Aeschines, Speeches (English) (XML Header) [genre: prose; rhetoric] [word count] [Aeschin.].
<<Aeschin. 3.51 Aeschin. 3.59 (Greek) >>Aeschin. 3.68

3.56

In order, then, that he may lose his confidence, and that you may be instructed in advance, and that I may reply, in the presence of the jury, Demosthenes, and of all the other citizens who are standing there outside the bar, and of all the other Greeks who have taken the trouble to listen to this case—and I see that not a few are here, more in fact than have ever attended a public trial within the memory of any man—I answer you that for all the four periods which you enumerate I accuse you.

3.57

And if the gods permit, and the jurors give us an impartial hearing, and I am able to call to mind all that I know about you, I confidently expect to show to the jury that for the safety of the city it is the gods who are responsible, and the men who in the crisis have treated the city with humanity and moderation; [Note] but for all our misfortunes, Demosthenes. The order of my treatment shall be that which I understand he will follow; and I will speak first concerning the first period, second concerning the second, third concerning the next, and fourth concerning the present situation. So now I address myself to the peace which you and Philocrates formally proposed.

3.58

You could have made that former peace, [Note] fellow citizens, supported by the joint action of a congress of the Greek states, if certain men had allowed you to wait for the return of the embassies which at that crisis you had sent out among the Greeks, with the call to join you against Philip; and in the course of time the Greeks would of their own accord have accepted your hegemony again. Of this you were deprived, thanks to Demosthenes and Philocrates, and the bribes which they took in their conspiracy against the common weal.

3.59

But if such a statement as I have just made, falling suddenly on your ears, is too incredible to some of you, permit me to suggest how you ought to listen to the rest of my argument: When we take our seats to audit the accounts of expenditures which extend back a long time, it doubtless sometimes happens that we come from home with a false impression; nevertheless, when the accounts have been balanced, no man is so stubborn as to refuse, before he leaves the room, to assent to that conclusion, whatever it may be, which the figures themselves establish.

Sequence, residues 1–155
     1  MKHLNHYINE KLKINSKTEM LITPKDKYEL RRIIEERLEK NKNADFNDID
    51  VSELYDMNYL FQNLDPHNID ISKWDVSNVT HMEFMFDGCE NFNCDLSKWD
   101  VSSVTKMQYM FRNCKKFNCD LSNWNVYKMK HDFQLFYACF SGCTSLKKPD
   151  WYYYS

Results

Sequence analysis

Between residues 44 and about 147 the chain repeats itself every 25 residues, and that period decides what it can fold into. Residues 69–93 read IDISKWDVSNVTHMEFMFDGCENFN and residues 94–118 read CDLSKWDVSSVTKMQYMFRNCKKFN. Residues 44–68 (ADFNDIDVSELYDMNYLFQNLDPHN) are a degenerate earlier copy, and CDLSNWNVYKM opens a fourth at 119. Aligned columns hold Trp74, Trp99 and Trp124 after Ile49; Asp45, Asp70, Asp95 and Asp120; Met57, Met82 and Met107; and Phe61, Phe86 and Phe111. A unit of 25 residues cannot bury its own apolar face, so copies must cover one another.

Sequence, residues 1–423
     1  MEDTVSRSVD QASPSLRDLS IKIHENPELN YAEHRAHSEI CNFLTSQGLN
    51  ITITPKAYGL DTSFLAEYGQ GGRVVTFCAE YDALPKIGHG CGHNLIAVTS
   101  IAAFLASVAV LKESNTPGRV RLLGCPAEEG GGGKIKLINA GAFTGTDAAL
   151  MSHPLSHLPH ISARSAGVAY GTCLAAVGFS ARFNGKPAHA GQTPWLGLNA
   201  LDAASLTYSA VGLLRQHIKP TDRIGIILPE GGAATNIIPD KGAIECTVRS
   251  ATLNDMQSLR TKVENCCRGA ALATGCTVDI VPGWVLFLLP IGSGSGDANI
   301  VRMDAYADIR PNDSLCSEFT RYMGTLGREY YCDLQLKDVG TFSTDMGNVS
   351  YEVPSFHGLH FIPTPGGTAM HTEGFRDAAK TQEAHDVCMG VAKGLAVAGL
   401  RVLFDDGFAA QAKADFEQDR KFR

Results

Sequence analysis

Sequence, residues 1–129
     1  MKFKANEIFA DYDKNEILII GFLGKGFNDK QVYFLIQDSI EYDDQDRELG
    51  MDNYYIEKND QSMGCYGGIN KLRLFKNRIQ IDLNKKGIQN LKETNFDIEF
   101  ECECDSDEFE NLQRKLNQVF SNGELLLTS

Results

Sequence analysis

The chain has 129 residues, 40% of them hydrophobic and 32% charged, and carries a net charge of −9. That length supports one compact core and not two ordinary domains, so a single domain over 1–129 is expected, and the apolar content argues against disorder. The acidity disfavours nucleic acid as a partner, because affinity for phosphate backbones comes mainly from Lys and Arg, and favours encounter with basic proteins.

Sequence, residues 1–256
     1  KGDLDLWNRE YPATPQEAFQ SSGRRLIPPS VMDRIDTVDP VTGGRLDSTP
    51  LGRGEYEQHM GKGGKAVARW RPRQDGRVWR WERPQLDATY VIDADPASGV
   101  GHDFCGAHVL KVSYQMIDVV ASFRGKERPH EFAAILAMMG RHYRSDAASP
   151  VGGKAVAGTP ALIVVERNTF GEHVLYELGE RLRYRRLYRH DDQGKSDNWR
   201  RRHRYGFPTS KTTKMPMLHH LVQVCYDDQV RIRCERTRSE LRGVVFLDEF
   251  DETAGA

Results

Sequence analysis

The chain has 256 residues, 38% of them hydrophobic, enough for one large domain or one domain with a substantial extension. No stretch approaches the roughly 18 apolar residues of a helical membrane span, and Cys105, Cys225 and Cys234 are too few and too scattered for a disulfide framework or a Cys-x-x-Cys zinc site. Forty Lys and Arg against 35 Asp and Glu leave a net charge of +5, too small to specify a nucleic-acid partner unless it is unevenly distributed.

3.60

I ask you to give a similar hearing now. If some of you have come from home with the opinion, formed in the past, that of course Demosthenes has never in conspiracy with Philocrates said a word in Philip's interest—if any man of you is under such impression, let him decide nothing either way, aye or no, until he has heard; for that would not be fair. But if, as I briefly recall the dates, and cite the resolutions which Demosthenes moved in cooperation with Philocrates, the truthful audit of the facts shall convict Demosthenes of having moved more resolutions than Philocrates concerning the original peace and alliance,

3.61

and of having flattered Philip and his ambassadors with a shamelessness which was beyond measure, and of being responsible to the people for the failure to secure the concurrence of a general congress of the Greek states in the making of the peace, and of having betrayed to Philip Cersobleptes, king of Thrace, a friend and ally of our city—if I shall clearly demonstrate all this to you, I shall make of you this modest request: in God's name agree with me, that in the first of his four periods his policies have not been those of a good citizen. I will speak in a way that will enable you to follow me most easily.

3.62

Philocrates made a motion [Note] that we permit Philip to send to us a herald and ambassadors to treat concerning peace. This motion was attacked in the courts as illegal. The time of the trial came. Lycinus, who had indicted him, spoke for the prosecution; Philocrates made answer for himself, and Demosthenes spoke in his behalf; [Note] Philocrates was cleared. After this came the archonship of Themistocles. [Note] Now Demosthenes came in as senator, not drawn by the lot either as a member of the senate or as a substitute, but through intrigue and bribery; the purpose of it was to enable him to support Philocrates in every way, by word and deed, as the event itself made evident.

3.63

For now Philocrates carries a second resolution, providing for the election of ten ambassadors, who shall go to Philip and ask him to send hither plenipotentiaries to negotiate peace. Of these ambassadors one was Demosthenes. On his return, Demosthenes was a eulogist of the peace, he agreed with the other ambassadors in their report, and he alone of the senators moved to give safe-conduct to Philip's herald and ambassadors; and in this motion he was in accord with Philocrates, for the one had given permission to send a herald and ambassadors hither, the other gave safe-conduct to the embassy.

3.64

As to what followed, I beg you now to pay especial attention. For negotiations were entered into—not with the other ambassadors, who were slandered again and again by Demosthenes after he had changed face, but with Philocrates and Demosthenes (naturally, for they were at once ambassadors and authors of the motions)—first, that you should not wait for the ambassadors whom you had sent out with your summons against Philip, for they wished you to make the peace, not together with the Greeks, but by yourselves;



Aeschines, Speeches (English) (XML Header) [genre: prose; rhetoric] [word count] [Aeschin.].
<<Aeschin. 3.51 Aeschin. 3.59 (Greek) >>Aeschin. 3.68

Powered by PhiloLogic